Omaha World-Herald, “Social Affairs” section headline, September 10, 1925: “Swedish Painter Makes Portrait of Mrs. Roca.” Work is by Axel Linus, Swedish painter who decided to make Omaha his home. “The painter came to Omaha about three months ago from Chicago on a visit. Now he wants to stay.” Painting hung in the Whitmore Gallery on Dodge Street and is “said by local critics to be a splendid piece of work. It will be shown at the third annual exhibit of the Omaha Society of Artists under the auspices of the Art department, Omaha Women’s Club, this fall. Mrs. Roca, former student at the Chicago Art Institute, came to Nebraska City some time ago on a visit. She decided to study portrait painting under Mr. Linus in Omaha. She sat recently for the painting, which is now completed.”

Omaha World-Herald, December 7, 1926 review by Dr. Robert F. Gilder, an artist, of the Fifth Annual Art Institute of Omaha exhibition: “All Mrs. Roca’s paintings are desert subjects, and her work shows how intensely she loves the land of her adoption.”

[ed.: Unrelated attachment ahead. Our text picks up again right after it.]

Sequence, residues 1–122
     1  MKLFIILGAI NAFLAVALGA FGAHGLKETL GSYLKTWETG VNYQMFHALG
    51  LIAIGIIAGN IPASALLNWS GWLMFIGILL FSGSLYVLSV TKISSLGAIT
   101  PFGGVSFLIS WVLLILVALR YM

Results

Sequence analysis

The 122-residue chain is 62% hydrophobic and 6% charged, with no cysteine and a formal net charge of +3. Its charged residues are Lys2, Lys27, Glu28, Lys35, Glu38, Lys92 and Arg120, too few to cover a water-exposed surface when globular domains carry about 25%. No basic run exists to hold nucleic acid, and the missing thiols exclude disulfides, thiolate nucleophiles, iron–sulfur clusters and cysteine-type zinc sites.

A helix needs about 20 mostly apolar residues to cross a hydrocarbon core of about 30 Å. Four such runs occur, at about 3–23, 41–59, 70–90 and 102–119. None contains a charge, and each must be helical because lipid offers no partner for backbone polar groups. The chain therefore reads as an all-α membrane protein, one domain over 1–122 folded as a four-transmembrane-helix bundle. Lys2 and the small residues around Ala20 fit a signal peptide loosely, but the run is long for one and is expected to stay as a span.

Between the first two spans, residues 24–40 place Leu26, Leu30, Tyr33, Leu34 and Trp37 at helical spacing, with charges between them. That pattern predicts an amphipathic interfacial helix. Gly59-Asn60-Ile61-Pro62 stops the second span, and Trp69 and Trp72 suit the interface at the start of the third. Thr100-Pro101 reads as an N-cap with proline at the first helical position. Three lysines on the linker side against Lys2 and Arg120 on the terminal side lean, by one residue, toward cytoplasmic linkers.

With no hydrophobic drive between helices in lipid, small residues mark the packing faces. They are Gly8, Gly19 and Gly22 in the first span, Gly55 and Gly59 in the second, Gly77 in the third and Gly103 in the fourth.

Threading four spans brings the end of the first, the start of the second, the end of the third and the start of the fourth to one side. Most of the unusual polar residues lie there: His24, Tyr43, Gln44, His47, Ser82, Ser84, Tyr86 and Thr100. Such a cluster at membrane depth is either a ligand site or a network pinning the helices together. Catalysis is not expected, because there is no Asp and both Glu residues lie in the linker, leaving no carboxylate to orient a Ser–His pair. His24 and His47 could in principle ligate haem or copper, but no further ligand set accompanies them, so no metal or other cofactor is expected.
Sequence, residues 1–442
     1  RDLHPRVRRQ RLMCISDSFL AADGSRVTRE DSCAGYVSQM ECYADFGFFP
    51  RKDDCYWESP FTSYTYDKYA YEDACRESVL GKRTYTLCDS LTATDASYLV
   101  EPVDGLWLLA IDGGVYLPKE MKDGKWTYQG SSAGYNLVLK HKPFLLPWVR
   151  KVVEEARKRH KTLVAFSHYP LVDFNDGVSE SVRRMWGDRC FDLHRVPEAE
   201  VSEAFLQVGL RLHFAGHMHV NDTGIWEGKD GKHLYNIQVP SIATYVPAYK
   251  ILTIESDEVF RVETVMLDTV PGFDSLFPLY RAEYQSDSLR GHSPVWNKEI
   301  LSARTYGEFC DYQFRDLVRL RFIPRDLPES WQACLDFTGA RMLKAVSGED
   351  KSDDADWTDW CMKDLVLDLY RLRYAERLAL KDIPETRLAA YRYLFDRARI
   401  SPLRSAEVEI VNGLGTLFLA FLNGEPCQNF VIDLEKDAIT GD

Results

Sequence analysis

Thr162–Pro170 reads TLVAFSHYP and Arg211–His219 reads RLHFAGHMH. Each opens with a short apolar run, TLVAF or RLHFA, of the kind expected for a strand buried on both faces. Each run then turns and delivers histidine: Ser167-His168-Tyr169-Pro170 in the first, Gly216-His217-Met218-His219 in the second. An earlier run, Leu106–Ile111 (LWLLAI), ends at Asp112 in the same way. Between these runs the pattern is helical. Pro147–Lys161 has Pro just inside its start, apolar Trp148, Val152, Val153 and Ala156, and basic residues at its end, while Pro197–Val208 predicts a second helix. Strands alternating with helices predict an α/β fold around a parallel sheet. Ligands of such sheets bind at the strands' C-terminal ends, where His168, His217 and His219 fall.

Omaha World-Herald, October 23, 1928 listing artists of note exhibiting with the Omaha Society of Fine Arts exhibit: “Miss Stella M. Roca, Tucson, Ariz., who has painted with Dr. Robert F. Gilder, three lovely landscapes in oil.”

Omaha World-Herald, August 7, 1932: Mrs. Stella McLennan Roca of Tucson, Ariz, who is passing the summer at Nebraska City, the place of her birth, . . . .has found that which satisfies her craving for natural landscape in the deserts of Arizona. . . . She has lived among the Mexicans in the sequestered mountain villages where her husband’s mining business has taken them; and knows these people intimately, and it is this close acquaintance that has enabled her to get to the soul of her subject.”

The Lincoln Star, August 27, 1933. “Mrs. D.B. Tait is exhibiting a group of oil paintings of local scenes, the work of her sister, Mrs. Stella McLennan Roca of Tucson. Mrs. Roca was a guest of her sisters, Mrs. Tait and Mrs. Walter McNamara, for several weeks and spent much of her time sketching places she had known well in early youth. Two of her pictures greatly admired are a water and wood scene at Springdale, country home of John Larsh near Union, Neb. And a landscape of the vine-covered home of Mrs. Edgar Clayton southeast of here.”